I’m told that one could see the terrible smoke rise from the Pentagon from my home on September 11, 2001, barely two miles away. My coworkers in Crystal City, immediately to the south, felt our office building shake (explaining their added nervousness during the recent earthquake). I wouldn’t know. I was stranded more than 800 miles (1,300 km) away attending a quarterly business meeting as the terrible events unfolded in New York, Washington and Shanksville.
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September 11 was a Tuesday that year, a gorgeous sunny day in the Midwest. We’d flown to St. Louis, Missouri the previous afternoon from all corners of the United States. It was a logical choice: middle of the country, lots of direct flights, decent September weather. We were preparing to get down to business and start our two-day meeting when the news arrived.
I called my wife instinctively before the telephone networks clogged hopelessly with others having the exact same thought, but my call passed to her voice mail. She was sitting in an office building in downtown Washington, DC, and she was eight months pregnant with our older son (the insightful one who loves maps). I got nervous as I saw events unfolding on television, as panicked workers gridlocked the city fleeing en masse.
Most of my DC friends walked home that morning, several miles, the only form of "transportation" public or otherwise moving at a decent speed. My wife did not have that option because of her condition. She had to remain in place for several hours which, thankfully, was located in a bunker-like basement. By then the city was a ghost town and she had the easiest commute of the year. I didn’t know any of that until much later in the day so it did little to relieve my mind at the moment. Helplessness is a horribly uneasy feeling.
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Air traffic ground to a halt and nobody knew when flights would resume. We were stuck in St. Louis. Our New York crew left on the afternoon of 9-11 and drove all night. The rest of us checked-out of our hotel at St. Louis’ Union Station early the next morning. The first streaks of light greeted our long, weary treks back to home and family. Even the folks who lived in Seattle and San Francisco returned by automobile. We didn’t have a choice for reasons I won’t bore you with, just that our services contributed directly to restoration efforts.
Thus began my dreadful road trip, the one I didn’t enjoy. You can still see the gash of new counties on my County Counting map if you look closely. Frankly, counting counties was the last thing on my mind. I shared a car with two coworkers and we drove non-stop except to refuel. We chose the northern route back to Washington while others in our group chose the southern; either one is fine as they’re almost exactly the same distance.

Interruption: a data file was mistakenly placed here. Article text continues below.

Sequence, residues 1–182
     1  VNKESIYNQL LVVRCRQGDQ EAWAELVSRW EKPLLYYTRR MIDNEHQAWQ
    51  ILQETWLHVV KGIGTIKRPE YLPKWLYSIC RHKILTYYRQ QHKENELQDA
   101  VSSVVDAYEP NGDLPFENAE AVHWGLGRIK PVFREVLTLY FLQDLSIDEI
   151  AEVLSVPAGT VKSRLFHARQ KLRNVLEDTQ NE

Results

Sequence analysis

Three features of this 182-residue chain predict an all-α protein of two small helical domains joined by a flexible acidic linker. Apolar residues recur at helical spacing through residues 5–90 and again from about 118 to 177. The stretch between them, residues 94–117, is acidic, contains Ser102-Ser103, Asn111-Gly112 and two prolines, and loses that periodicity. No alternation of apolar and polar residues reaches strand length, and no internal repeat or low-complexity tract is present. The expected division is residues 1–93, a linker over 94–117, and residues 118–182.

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It’s funny how a few moments of the drive come to mind vividly while the preponderance has become a largely-forgotten blur. The most intense memory, the highlight or lowlight depending on point of view, happened as we approached Indianapolis, Indiana. Interstate 70 abuts Indianapolis International Airport. The sight of hundreds of jet airliners parked on the tarmac in the middle of the day, none of them moving, has been seared into my brain. Many of them were FedEx cargo planes that serviced their Indianapolis hub, a place that ordinarily processes 50,000 packages a day. Chilling.
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The shock of the previous day’s events along with a total airline meltdown must have canceled a lot of plans. Traffic was sparse as we cruised across the Heartland. We shared the road with few other automobiles. Even truck traffic was light with a few exceptions: FedEx wasn’t flying but they were shipping by road, as were UPS and the US Postal Service. It was us and the mail carriers sharing an Interstate with few others venturing onto the roads. The only time we encountered traffic, and I mean that in a relative sense because it only slowed us down to the actual speed limit, happened in Columbus, Ohio. It was getting into afternoon by that point and local traffic mixed with the intercity trekkers to cause a few slow-downs.
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We checked-in with loved ones by mobile phone periodically. I didn’t know it at the time but my wife had a large map of the United States hanging on the wall behind her desk and she moved a push-pin to each new location as I called. Apparently her entire office was tracking my progress while I moved closer to home. The cell phone network was fairly well developed in 2001 but there was one stretch of non-existent coverage: between Pittsburgh and the Pennsylvania border. Otherwise the rest of the trip went uneventfully and I returned to the office the next morning, helping to staff the 24X7 operations center we’d established.
My path took me past the Pentagon on I-395 uncountable times over the next several months. It reminded me of the first time I gazed upon the Grand Canyon except in a most terrible contradictory way: no photo or video will ever come close to what one can see with one’s own eyes.
It’s been ten years and I’ve still not returned to St. Louis.